Pagination arrives for Google Docs

Google Docs - improved
Google Docs - improved

Google Docs has been updated with a major new feature from the world of classic word processing, with pagination finally unveiled for the cloud document editor.

Although some may be surprised that pagination was not included from the off, the feature has now been added to the delight of those who use the service but need to see where the page breaks lie.

"Today, we're doing another first for web browsers by adding a classic word processing feature—pagination, the ability to see visual pages on your screen," blogged software engineer Luiz Pereira.

Printing improvement

"We're also using pagination and some of Chrome's capabilities to improve how printing works in Google Docs. Pagination is rolling out now and should be available to everyone by the end of the day," he continued.

"Pagination adds visual page breaks while you're editing your documents, so now you can see how many pages of that report you've actually finished.

"Because we're able to show you individual pages, we can improve the way other features work too: headers now show up at the top of each page instead of just at the top of your doc, manual page breaks actually move text onto a new page and footnotes appear at the bottom of the pages themselves."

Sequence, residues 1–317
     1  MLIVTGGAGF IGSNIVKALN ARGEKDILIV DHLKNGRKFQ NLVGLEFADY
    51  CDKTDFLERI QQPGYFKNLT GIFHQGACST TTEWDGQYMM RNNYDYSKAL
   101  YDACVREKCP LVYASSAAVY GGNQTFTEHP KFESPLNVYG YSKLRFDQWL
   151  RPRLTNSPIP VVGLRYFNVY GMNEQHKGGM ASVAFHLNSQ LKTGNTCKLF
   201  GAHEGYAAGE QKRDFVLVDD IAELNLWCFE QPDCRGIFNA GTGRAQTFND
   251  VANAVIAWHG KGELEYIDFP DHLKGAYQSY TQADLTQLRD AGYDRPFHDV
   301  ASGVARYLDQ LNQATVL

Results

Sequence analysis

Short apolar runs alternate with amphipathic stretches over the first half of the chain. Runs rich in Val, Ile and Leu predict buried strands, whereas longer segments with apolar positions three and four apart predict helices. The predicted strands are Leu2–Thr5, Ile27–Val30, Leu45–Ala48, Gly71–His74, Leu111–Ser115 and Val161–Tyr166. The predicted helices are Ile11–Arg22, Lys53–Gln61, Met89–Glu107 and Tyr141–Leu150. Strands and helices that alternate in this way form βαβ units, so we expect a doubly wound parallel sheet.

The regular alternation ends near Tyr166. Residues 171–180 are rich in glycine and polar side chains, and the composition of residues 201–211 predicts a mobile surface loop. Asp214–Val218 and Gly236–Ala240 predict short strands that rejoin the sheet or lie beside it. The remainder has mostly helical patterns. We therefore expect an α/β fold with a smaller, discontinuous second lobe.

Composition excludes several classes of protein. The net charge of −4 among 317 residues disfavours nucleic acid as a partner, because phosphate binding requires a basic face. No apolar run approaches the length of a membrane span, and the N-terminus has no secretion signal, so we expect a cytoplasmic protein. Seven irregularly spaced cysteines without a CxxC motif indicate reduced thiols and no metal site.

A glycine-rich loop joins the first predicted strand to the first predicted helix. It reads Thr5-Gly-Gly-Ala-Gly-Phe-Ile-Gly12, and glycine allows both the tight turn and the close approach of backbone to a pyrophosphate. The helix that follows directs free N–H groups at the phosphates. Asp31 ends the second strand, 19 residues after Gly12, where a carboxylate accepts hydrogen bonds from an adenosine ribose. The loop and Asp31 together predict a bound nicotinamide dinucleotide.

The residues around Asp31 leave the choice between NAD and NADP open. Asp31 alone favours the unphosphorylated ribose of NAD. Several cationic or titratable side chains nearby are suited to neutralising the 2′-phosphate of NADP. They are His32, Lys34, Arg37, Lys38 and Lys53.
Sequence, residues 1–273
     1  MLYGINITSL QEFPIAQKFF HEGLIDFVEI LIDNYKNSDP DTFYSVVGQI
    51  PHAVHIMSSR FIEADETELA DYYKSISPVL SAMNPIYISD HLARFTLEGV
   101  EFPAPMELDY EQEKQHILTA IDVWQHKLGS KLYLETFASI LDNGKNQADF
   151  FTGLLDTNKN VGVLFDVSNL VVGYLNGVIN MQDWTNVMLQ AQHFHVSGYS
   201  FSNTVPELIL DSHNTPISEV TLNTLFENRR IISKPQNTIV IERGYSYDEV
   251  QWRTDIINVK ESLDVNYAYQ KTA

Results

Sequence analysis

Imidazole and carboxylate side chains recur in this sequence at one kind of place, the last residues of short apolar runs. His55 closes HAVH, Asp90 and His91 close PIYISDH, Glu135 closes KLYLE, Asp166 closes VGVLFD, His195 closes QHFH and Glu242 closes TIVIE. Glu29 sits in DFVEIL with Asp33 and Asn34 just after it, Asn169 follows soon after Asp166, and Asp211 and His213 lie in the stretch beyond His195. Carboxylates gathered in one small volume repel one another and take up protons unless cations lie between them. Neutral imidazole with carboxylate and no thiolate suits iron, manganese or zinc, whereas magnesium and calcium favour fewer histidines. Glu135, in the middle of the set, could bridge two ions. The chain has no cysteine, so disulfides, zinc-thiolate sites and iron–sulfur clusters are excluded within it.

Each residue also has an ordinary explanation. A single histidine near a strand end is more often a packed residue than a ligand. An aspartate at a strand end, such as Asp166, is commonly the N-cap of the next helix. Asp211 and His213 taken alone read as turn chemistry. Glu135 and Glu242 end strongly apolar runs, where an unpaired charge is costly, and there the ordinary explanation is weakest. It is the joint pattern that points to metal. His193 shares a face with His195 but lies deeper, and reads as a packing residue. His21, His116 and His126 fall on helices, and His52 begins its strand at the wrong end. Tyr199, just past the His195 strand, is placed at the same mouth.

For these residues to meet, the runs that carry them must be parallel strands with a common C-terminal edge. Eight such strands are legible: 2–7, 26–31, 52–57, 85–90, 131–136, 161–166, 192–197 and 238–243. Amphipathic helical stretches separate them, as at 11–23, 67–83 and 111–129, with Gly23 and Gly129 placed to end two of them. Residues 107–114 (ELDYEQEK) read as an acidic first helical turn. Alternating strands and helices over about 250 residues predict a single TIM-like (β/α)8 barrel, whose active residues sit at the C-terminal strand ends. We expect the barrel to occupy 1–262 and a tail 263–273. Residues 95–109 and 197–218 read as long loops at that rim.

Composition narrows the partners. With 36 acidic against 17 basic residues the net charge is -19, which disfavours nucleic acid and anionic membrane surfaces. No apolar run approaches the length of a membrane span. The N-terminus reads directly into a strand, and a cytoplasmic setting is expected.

The feature was something that users of Google Docs had asked for, and Google is keen to illustrate that its cloud service can be a genuine competitor to Microsoft's market leading and hugely popular Office suite.

"For now, native printing is only available in Google Chrome, but we're hoping other browsers will implement the same web standard so everyone can have the best possible printing experience with Docs," added Pereira.

"Pagination and native printing are great examples of how modern browsers are making it possible to take the best parts of the desktop experience and bring them online."

Patrick Goss

Patrick Goss is the ex-Editor in Chief of TechRadar. Patrick was a passionate and experienced journalist, and he has been lucky enough to work on some of the finest online properties on the planet, building audiences everywhere and establishing himself at the forefront of digital content.  After a long stint as the boss at TechRadar, Patrick has now moved on to a role with Apple, where he is the Managing Editor for the App Store in the UK.